The role of the gut microbiome on the efficacy of immune checkpoint inhibitors in Japanese responder patients with advanced non-small cell lung cancer

Yuki Katayama, Tadaaki Yamada, Takayuki Shimamoto, Masahiro Iwasaku, Yoshiko Kaneko, Junji Uchino, Koichi Takayama


Background: Cancer immunotherapy is being developed as a promising alternative for advanced non- small cell lung cancer (NSCLC). However, novel biomarkers are required to select patients that will benefit from treatment with immune checkpoint inhibitors (ICIs) for a long period of time. The gut microbiome is expected to be a promising biomarker of ICI response owing to the regulation of the immune status within the host.
Methods: In this retrospective study, we included 17 Japanese patients with advanced NSCLC who were treated with ICIs for >3 months in our hospital. Fecal samples obtained from the patients during ICI treatment were analyzed by 16S ribosomal RNA gene sequencing. We examined the correlation between the diversity of the gut microbiome and treatment with ICIs.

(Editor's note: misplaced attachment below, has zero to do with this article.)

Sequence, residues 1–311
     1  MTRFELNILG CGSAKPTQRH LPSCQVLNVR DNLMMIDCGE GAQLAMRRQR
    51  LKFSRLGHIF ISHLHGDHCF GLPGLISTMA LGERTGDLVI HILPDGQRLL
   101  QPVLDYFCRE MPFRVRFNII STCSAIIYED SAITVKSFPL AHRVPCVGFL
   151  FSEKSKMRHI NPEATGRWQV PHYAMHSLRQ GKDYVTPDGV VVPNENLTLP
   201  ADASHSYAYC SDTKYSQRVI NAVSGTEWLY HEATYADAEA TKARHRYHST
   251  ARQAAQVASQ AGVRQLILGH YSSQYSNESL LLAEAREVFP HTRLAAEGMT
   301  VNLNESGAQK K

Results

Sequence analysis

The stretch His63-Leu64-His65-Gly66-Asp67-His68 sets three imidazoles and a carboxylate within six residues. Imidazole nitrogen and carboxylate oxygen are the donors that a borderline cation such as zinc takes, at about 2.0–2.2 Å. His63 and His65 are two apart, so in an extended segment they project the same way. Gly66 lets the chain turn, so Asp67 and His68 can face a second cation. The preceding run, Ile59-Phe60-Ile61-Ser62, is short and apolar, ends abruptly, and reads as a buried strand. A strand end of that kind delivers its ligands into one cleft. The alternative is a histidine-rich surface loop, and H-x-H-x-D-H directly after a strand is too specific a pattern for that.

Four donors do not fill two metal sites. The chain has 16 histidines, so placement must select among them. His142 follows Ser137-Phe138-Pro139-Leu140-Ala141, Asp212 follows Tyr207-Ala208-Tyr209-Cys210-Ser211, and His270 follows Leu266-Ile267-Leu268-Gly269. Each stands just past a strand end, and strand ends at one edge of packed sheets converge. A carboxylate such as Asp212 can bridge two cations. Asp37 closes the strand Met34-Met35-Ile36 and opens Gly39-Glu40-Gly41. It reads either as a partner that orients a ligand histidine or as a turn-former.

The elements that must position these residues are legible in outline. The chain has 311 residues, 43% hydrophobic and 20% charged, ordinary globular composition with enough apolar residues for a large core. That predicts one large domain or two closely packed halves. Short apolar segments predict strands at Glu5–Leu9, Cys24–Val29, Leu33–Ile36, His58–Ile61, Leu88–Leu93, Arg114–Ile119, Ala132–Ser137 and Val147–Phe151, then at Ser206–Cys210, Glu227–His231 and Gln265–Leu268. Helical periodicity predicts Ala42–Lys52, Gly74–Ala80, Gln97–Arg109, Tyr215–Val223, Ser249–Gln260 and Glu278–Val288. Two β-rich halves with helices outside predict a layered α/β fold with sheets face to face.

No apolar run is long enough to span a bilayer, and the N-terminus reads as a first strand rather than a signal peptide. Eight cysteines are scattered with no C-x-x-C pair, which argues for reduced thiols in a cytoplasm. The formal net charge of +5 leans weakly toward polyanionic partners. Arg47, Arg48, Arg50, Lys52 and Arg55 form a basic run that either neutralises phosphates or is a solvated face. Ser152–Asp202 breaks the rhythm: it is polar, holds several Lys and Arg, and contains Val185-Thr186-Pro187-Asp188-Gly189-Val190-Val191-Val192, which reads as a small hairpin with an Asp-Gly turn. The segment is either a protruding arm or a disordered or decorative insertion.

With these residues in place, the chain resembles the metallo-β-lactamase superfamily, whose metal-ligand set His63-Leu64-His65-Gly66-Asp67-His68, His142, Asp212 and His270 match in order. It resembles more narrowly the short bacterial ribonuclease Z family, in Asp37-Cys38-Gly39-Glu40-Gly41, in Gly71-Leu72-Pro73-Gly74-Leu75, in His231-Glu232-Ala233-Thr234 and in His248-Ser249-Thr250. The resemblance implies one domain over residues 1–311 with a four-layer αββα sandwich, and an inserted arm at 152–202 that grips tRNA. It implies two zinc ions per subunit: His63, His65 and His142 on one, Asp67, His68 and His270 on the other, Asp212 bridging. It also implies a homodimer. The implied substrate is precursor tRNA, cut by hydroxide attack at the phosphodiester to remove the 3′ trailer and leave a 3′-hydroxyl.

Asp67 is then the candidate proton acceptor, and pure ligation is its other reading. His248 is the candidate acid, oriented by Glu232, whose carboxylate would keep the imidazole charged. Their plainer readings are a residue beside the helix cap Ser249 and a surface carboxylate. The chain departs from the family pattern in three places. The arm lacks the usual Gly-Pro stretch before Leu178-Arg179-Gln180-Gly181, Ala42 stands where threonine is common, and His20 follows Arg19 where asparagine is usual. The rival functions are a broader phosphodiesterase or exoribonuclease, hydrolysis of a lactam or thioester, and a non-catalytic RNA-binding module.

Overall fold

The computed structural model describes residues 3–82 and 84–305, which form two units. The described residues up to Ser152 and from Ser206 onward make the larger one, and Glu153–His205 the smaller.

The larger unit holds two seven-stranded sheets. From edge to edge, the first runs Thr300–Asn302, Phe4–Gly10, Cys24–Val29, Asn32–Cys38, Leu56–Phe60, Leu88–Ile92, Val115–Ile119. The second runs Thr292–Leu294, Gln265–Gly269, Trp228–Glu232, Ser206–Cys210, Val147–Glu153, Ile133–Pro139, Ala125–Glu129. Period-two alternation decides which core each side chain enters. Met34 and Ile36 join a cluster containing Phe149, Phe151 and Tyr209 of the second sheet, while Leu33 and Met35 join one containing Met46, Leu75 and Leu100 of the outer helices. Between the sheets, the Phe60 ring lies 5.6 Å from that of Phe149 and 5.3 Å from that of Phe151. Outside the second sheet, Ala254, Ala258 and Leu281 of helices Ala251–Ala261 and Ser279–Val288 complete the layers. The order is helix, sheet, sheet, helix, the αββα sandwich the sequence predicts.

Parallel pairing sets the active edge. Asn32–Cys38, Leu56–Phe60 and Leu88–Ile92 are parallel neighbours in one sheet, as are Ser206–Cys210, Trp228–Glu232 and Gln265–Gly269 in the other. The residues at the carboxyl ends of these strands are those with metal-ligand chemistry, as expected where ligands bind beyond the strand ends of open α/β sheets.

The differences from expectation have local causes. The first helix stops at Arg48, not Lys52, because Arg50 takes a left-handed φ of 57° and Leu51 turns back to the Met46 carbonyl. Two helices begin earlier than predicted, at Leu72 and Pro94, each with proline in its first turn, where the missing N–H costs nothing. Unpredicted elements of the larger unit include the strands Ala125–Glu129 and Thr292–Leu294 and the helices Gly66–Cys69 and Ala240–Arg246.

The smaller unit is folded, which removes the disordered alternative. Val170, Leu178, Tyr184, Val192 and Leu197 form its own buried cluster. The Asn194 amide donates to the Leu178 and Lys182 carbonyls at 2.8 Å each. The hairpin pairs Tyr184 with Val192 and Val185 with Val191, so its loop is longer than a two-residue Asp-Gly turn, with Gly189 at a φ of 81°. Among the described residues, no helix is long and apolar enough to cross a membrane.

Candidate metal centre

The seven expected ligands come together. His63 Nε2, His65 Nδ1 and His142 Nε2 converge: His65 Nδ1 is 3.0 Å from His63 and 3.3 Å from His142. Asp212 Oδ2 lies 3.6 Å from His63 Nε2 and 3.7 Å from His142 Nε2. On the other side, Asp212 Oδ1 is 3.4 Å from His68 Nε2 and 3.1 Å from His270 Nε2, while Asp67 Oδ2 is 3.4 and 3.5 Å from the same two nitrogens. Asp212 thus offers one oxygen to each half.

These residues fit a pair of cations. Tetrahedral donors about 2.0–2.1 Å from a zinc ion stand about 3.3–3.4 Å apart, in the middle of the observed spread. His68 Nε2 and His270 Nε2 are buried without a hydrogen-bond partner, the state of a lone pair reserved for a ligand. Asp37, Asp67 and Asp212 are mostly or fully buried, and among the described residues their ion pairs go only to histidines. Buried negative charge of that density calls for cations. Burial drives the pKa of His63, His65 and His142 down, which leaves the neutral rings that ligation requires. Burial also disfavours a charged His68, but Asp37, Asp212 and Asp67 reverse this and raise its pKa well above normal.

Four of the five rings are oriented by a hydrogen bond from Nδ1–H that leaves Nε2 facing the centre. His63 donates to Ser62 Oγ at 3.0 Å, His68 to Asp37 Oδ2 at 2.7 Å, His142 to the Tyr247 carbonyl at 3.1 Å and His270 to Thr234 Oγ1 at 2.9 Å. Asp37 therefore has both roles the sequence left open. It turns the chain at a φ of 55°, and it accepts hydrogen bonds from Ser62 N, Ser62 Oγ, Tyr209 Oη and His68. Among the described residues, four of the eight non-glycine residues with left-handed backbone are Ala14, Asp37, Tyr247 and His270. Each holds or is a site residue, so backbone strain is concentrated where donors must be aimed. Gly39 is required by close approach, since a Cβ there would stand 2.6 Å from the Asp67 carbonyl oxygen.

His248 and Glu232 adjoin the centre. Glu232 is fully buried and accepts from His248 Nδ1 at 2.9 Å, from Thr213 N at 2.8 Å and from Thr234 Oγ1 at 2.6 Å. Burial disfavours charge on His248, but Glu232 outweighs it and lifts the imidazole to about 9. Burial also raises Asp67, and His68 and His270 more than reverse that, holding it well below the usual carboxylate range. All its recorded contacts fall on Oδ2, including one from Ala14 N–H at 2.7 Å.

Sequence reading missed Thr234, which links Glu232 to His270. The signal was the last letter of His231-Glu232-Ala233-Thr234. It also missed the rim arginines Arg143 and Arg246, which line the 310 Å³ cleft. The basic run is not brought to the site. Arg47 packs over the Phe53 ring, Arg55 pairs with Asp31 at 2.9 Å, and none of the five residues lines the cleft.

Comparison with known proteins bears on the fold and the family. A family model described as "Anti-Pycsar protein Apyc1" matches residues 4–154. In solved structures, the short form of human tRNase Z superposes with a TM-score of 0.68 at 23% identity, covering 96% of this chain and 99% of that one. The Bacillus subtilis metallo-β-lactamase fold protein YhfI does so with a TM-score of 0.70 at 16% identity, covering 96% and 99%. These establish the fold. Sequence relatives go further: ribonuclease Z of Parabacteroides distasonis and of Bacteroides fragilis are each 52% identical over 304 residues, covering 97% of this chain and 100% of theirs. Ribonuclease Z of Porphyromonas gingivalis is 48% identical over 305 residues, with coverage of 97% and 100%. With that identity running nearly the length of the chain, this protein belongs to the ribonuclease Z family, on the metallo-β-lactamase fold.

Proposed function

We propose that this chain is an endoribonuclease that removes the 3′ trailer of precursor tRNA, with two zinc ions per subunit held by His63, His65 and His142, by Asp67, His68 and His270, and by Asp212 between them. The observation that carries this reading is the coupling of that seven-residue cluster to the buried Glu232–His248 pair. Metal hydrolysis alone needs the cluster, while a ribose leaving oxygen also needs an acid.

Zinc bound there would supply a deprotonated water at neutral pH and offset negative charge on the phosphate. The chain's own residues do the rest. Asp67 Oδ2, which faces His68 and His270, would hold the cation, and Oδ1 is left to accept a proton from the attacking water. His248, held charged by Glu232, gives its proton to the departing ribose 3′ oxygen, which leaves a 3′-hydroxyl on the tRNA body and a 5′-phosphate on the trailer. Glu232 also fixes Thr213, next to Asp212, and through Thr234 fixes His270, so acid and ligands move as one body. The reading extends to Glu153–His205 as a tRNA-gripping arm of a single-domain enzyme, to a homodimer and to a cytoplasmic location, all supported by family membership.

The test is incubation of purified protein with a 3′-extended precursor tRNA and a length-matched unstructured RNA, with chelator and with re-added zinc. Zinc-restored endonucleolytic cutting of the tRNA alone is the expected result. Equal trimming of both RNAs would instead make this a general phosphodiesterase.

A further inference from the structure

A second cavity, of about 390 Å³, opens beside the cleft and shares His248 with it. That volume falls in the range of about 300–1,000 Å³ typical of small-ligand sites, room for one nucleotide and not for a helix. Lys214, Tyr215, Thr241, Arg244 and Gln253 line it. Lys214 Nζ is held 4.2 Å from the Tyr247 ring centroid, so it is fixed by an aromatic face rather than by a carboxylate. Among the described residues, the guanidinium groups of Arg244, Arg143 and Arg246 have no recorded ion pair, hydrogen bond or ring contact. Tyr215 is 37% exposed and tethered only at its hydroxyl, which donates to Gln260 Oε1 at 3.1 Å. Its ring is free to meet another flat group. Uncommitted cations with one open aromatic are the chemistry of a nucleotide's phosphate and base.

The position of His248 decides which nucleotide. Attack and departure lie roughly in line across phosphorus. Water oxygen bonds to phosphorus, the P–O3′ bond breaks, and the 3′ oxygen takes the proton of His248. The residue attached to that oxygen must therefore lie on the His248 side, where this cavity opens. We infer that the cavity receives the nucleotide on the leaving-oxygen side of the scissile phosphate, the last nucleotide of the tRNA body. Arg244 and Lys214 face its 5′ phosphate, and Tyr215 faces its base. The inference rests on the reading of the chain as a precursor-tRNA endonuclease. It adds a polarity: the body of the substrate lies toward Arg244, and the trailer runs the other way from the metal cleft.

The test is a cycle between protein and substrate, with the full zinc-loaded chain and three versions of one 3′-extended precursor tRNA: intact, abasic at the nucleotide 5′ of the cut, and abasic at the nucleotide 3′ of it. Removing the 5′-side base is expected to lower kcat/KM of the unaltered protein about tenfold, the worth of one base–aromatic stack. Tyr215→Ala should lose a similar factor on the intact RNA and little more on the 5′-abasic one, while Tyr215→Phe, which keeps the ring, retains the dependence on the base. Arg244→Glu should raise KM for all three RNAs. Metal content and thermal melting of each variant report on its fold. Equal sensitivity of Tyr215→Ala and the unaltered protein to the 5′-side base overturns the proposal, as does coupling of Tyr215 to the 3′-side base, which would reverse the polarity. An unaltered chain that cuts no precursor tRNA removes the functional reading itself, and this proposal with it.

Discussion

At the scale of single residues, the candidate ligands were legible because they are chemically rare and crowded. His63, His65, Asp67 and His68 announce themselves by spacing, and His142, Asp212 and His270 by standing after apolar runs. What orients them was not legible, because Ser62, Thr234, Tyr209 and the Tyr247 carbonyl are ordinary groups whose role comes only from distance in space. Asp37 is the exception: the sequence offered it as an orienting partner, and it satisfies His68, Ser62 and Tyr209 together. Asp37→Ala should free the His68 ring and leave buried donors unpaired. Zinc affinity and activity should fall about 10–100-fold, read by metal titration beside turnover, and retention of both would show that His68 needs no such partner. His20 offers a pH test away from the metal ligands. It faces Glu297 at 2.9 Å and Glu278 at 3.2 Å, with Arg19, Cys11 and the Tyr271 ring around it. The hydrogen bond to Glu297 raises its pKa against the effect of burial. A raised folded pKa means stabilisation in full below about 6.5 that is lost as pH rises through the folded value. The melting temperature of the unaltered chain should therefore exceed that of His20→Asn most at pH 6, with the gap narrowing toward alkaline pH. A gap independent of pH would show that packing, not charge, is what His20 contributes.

Results: Several bacterial species were more abundant in ICI responders than in non-responders. Patients with abundant Lactobacillus and Clostridium tended to have a longer time to treatment failure (TTF) after receiving ICI than those with a lower abundance.
Conclusions: In conclusion, the composition of the gut microbiome is associated with better clinical benefits from ICI treatment in Japanese patients with NSCLC. A further large-scale study is warranted to validate the composition of the gut microbiome as a novel clinical factor influencing the response to ICIs for an extended time in NSCLC.